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Talking with Angels

{ documents }


Talking with Angels
  Gitta's notebooks
  Lili's notebooks
  from Budaliget to Budapest
Hanna Dallos
Joseph Kreutzer
Gitta Mallasz
Lili Strausz
the witnesses





The talks with Morgen were a series of messages transmitted by Hanna in German from December 1943 to February 1944. They were intended for a childhood friend of Gitta’s who had enlisted in the SS. The angel who spoke to him revealed his name as MORGEN. As an adverb, morgen means “tomorrow” and as a name, Morgen means “morning”. The story of these dialogues is told by Patrice Van Eersel (SB, Annex 1).

The original German version appears in the German edition of the Dialogues (AE) as well as in the Hungarian editions.

According to Gitta, “Hanna wasn’t completely fluent in German”, which was probably a rather harsh judgment from an Austro-Hungarian whose mother tongue was German. Hanna was in fact able to pursue her artistic studies in Munich because her German language skills allowed her to do so. However, as Gitta pointed out later on, her vocabulary was insufficient to understand this poetic language: “Hanna does not understand all the words, and I translate them into Hungarian for her” (Translated quotations from AE).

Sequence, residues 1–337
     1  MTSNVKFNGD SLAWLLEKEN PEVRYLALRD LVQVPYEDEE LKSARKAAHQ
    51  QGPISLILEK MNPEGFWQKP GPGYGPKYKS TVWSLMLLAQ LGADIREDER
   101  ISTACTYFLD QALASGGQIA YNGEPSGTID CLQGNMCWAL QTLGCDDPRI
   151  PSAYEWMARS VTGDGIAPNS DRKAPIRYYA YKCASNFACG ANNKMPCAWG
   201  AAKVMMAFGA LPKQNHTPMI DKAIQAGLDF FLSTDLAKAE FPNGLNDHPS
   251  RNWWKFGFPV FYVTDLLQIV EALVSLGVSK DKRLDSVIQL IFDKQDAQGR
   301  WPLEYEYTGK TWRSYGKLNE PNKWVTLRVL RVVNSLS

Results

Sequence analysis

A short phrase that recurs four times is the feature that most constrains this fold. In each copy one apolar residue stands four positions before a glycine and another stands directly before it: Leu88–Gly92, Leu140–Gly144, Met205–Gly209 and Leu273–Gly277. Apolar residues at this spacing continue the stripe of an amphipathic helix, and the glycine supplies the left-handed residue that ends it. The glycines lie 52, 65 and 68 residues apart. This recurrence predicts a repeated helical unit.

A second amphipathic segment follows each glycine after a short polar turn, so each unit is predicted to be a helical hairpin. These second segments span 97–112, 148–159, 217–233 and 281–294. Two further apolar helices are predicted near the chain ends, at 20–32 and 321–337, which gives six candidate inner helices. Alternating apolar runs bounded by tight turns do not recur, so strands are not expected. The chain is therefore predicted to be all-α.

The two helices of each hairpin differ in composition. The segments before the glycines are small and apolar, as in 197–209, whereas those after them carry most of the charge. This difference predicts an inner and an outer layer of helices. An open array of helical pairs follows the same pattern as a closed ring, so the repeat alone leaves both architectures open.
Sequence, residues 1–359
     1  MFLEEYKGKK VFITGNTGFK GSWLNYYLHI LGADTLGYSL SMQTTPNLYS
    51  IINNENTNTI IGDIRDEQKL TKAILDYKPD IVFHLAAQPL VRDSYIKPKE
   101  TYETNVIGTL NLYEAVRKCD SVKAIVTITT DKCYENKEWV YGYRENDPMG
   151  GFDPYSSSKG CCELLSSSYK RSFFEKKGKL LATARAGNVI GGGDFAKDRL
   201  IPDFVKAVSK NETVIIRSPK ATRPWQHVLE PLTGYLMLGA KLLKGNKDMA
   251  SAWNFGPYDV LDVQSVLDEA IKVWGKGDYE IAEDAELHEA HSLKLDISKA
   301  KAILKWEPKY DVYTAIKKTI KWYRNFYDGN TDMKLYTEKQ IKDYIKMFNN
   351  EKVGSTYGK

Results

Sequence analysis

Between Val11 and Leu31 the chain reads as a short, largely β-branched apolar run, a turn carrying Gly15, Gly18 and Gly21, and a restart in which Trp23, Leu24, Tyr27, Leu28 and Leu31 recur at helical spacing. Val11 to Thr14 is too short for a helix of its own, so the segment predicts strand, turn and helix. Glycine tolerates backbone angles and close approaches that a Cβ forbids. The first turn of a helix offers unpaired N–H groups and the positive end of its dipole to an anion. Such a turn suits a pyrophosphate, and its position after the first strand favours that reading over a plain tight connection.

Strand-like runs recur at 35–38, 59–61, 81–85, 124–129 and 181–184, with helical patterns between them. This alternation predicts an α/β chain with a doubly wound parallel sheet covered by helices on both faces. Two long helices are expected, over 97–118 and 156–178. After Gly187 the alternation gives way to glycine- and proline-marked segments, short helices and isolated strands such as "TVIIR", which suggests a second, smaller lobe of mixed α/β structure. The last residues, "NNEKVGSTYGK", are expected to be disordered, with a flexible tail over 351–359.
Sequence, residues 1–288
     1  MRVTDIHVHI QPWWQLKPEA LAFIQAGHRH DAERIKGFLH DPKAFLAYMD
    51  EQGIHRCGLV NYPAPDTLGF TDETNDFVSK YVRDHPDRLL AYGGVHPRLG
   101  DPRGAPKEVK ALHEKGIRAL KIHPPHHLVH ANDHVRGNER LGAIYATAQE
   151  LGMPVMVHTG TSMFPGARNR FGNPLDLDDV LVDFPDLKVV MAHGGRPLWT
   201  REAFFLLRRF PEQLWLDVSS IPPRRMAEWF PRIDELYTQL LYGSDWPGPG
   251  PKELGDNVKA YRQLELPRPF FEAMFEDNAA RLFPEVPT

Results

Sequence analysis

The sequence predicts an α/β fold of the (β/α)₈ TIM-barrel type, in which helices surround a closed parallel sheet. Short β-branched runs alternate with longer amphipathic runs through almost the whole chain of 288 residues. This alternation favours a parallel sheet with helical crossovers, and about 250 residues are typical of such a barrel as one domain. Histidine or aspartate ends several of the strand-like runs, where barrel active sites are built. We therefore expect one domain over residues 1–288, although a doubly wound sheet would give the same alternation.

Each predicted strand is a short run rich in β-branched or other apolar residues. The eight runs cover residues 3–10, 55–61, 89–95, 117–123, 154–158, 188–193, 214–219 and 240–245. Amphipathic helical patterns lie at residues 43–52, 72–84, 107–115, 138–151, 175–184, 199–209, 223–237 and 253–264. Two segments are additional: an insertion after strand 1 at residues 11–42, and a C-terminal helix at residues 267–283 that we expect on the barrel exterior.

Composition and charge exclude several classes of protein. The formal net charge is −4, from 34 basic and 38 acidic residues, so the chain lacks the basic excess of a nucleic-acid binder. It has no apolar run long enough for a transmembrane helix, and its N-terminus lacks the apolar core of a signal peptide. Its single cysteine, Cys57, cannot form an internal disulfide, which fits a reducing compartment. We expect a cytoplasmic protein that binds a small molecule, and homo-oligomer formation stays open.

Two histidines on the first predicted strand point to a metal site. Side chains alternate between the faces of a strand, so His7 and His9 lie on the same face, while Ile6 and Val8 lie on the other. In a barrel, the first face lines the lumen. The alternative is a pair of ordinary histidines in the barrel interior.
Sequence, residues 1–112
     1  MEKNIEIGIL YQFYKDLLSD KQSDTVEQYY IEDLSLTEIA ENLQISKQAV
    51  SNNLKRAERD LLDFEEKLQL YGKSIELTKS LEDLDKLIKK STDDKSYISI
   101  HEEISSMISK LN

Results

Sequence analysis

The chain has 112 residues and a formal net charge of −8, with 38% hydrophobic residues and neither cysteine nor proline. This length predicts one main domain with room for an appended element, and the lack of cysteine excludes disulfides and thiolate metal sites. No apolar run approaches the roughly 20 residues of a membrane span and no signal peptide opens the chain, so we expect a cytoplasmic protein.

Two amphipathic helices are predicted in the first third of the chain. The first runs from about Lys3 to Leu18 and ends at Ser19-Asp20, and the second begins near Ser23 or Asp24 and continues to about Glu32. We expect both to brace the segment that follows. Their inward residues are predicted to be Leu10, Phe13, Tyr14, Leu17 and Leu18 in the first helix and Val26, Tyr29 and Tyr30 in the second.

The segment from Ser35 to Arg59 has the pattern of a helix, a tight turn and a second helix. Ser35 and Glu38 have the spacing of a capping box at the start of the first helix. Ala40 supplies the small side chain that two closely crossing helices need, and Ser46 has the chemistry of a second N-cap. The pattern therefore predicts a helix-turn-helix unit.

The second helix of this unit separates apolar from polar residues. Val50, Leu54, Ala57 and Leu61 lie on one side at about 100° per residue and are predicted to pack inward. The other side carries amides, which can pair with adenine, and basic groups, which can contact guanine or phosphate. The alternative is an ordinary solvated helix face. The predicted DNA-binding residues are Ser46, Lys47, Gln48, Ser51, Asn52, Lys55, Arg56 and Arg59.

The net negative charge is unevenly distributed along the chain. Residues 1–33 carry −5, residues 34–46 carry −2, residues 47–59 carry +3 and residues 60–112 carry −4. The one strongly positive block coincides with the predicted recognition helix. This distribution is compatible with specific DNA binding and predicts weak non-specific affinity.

Another message in German

Talking with angels contains a short message transmitted by Hanna in German during the talk which took place on 21 July 1944 (TA page 377) :

Im Anfang war das Wort : DEIN.
Es war bei Gott – es ist bei uns.
Kein Wunsch ist mehr.

ER hat – ER GIBT. ER – wir.

In the beginning was the Word: THINE.
It was with God – it is with us.
No more wish
Ő has – Ő gives. Ő – we.

This passage echoes Morgen’s very last verses:

Ewiges Sein ist Geben.
Im Anfang war das “DEIN”.
Kehre heim !

Eternal Being is Gift.
In the beginning was “”THINE”
Come home!

  • (TA) Talking with Angels. Daimon, 2006
  • (AE) Die Antwort der Engel, Daimon Verlag, Einsiedeln, 1981 (Die Antwort der Engel on Google Books)
  • (SB) Patrice Van Eersel, La source blanche. L'étonnante histoire des Dialogues avec l'Ange, Grasset, Paris, 1996 and Livre de poche

Translated by Treharne Translations